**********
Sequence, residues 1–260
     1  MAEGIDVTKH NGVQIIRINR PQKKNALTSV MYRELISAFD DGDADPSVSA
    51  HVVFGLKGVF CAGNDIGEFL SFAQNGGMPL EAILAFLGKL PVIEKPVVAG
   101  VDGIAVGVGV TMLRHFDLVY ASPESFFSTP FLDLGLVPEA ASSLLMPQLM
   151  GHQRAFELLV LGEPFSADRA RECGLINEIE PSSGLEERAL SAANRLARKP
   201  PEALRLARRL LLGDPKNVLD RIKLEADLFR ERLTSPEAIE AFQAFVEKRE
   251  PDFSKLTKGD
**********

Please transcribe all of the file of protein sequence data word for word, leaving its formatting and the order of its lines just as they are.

Sequence, residues 1–260
     1  MAEGIDVTKH NGVQIIRINR PQKKNALTSV MYRELISAFD DGDADPSVSA
    51  HVVFGLKGVF CAGNDIGEFL SFAQNGGMPL EAILAFLGKL PVIEKPVVAG
   101  VDGIAVGVGV TMLRHFDLVY ASPESFFSTP FLDLGLVPEA ASSLLMPQLM
   151  GHQRAFELLV LGEPFSADRA RECGLINEIE PSSGLEERAL SAANRLARKP
   201  PEALRLARRL LLGDPKNVLD RIKLEADLFR ERLTSPEAIE AFQAFVEKRE
   251  PDFSKLTKGD